Week 16 of 2017

Here, in this post, I’d like to write about what keeps me blogging. Especially, since I don’t have that much of blogging experience under the belt, what could help me not to quit blogging in the future.

Short version:

  • for my English;

  • as notes on books I read – opinions and summaries;

  • discipline;

Long version:

Well, fluff like “you’d be able to make friends and become famous, get new interesting connections and increase your salary, work on your brand” doesn’t work on me. I’ve got to have better reasons to keep it up, than just some vague possible opportunities in the future. Actually, I think, it’s why so much people start blogging, but then, within the few first years, quit it. They might tell, it’d be cool to blog, I’ve gotta keep going, but in reality, they might not have a clear concept in the mind, a vivid image of why they should be blogging.

And if there’s no use, a man would always find many excuces to not do it.

Also, I don’t like to write posts-instructions on technologies, from the how to serie. It’s quite dull for me.

An obvious use would be to consider it as a place to keep my English fresh, to sustain a level I’ve, since I’m not a native speaker, I started learning it 3 years ago, so I’ve to keep it as sharp as it’s possible.

Another good reason as I see it, would be to set it up as a place to keep my notes on books. In the future, I’d also like to write more or less detailed summaries of the key points in books that I find worth saving.

One more of a good use would be to let it become a habbit, so it increases self-discipline a little bit. Plenty of people struggle with obligations, many don’t finish things they planned or they wouldn’t achive goals, they intent. And from what I see, any career or language learning or project, basically, breaks down to not quitting it and the ability to plan, to keep working on it, especially, after the initial enthusiasm is gone.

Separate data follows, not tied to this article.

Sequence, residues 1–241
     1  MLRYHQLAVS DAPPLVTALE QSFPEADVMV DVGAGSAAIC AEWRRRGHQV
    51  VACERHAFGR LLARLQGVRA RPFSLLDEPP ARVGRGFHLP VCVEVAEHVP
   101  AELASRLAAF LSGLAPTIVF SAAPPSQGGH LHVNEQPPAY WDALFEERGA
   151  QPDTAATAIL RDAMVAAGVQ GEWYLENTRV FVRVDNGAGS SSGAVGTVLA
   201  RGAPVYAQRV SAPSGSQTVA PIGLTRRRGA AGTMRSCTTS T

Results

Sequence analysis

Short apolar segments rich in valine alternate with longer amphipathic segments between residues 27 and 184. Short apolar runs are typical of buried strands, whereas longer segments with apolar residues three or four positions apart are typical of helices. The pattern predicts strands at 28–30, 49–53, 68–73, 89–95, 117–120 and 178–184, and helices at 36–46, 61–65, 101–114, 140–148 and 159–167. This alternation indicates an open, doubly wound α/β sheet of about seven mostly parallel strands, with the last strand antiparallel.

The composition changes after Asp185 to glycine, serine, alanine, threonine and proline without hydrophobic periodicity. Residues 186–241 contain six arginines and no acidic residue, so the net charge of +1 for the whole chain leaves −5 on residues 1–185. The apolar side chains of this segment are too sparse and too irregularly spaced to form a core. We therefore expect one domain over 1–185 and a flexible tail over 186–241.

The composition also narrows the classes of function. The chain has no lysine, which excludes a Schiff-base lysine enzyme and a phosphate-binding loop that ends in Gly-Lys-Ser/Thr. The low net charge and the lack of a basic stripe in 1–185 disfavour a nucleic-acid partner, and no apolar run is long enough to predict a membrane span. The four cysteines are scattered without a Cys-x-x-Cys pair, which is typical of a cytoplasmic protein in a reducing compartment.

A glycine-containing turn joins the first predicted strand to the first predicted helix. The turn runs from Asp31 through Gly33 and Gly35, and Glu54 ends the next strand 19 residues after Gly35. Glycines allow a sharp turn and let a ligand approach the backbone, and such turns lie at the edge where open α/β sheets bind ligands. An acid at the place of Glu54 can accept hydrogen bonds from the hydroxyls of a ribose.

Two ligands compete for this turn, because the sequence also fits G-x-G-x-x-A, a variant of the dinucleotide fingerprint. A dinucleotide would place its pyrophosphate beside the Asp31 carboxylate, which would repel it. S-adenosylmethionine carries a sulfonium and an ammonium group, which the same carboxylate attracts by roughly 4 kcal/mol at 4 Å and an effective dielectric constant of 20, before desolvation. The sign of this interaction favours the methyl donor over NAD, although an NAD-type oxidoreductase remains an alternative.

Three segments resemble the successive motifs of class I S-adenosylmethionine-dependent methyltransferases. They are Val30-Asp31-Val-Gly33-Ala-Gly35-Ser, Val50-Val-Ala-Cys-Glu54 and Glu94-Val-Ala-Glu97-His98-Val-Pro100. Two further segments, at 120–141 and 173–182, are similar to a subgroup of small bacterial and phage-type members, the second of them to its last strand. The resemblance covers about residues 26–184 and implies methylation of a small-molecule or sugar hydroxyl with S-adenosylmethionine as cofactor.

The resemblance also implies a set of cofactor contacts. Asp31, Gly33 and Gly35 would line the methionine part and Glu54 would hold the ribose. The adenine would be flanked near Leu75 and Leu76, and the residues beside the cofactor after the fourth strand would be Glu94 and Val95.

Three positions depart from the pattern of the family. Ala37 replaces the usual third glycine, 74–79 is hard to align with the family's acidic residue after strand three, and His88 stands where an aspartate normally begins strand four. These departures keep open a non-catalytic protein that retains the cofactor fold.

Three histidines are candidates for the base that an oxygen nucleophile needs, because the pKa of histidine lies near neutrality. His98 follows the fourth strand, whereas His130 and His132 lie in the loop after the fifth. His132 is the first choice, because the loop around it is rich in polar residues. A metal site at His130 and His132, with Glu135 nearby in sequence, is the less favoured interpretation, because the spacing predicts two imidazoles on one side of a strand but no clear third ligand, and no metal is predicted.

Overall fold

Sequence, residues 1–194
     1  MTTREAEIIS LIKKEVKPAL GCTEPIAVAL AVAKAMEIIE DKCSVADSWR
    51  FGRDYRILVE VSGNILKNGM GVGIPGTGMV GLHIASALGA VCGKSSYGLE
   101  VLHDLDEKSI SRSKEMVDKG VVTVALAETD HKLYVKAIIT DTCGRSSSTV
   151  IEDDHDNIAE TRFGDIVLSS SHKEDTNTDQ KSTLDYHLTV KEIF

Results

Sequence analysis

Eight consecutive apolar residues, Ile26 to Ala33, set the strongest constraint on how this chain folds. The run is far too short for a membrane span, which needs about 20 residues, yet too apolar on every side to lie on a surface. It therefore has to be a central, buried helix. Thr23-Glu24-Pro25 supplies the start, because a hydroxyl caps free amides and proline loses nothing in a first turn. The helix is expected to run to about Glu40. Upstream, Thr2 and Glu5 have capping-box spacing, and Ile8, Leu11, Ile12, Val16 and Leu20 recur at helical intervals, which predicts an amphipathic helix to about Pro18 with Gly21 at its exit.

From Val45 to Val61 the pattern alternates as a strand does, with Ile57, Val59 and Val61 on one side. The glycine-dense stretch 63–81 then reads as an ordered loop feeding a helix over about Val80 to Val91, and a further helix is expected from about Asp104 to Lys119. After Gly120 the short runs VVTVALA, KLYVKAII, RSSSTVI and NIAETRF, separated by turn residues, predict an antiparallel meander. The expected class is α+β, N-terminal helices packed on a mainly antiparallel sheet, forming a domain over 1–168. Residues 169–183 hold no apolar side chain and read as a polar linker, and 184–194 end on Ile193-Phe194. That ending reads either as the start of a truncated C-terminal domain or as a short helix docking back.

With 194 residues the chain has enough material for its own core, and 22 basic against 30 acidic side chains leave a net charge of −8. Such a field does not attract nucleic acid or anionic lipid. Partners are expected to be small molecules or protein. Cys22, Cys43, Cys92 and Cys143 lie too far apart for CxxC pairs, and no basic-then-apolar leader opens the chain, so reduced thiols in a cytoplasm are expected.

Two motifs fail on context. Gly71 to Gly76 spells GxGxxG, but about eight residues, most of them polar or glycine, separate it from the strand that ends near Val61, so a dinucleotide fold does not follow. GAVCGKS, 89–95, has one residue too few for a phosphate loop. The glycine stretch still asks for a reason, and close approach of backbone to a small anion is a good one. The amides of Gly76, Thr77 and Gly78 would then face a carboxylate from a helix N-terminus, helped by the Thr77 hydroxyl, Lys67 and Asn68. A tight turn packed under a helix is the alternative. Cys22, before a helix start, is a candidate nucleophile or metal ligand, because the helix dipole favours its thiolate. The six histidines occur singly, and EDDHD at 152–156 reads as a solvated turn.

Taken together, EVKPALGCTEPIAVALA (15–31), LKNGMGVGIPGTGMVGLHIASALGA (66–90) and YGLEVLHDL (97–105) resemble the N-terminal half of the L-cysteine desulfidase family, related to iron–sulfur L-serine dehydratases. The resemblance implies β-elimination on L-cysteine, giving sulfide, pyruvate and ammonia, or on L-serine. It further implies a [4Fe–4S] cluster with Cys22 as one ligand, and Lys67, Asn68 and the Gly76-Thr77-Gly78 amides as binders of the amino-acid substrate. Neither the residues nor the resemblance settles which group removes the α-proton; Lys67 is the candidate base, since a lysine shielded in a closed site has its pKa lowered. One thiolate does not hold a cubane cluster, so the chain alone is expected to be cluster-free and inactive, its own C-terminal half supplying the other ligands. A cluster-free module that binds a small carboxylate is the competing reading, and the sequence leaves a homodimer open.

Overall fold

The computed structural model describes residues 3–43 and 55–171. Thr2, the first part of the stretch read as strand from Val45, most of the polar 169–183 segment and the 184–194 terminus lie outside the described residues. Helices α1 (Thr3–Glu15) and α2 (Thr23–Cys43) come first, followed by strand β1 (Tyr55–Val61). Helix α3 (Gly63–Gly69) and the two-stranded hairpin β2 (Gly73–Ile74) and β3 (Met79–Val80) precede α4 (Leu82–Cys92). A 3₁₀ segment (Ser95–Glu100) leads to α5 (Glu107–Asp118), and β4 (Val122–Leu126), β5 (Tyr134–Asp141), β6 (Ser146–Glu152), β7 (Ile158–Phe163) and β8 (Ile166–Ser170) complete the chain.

Once upon a time, I’d go on a Russian imageboard to look at what people are doing. A section for game design and development is usually filled with messages from guys seeking for a teammate for their projects, like another shooter or a basic RGP game. And people who actually respond to the invitations there, claim, almost none of the projects ever get completed. And it’s a huge deal. If we imagine a guy with no game making experience at all, projects like that, built from the scratch, would really help him to find a job and to become more professional.

I believe in planning, and I think, planning and sufficient self-management are crucial, so I’m hoping, having to manage a blog would help me with that too.

501 words in the post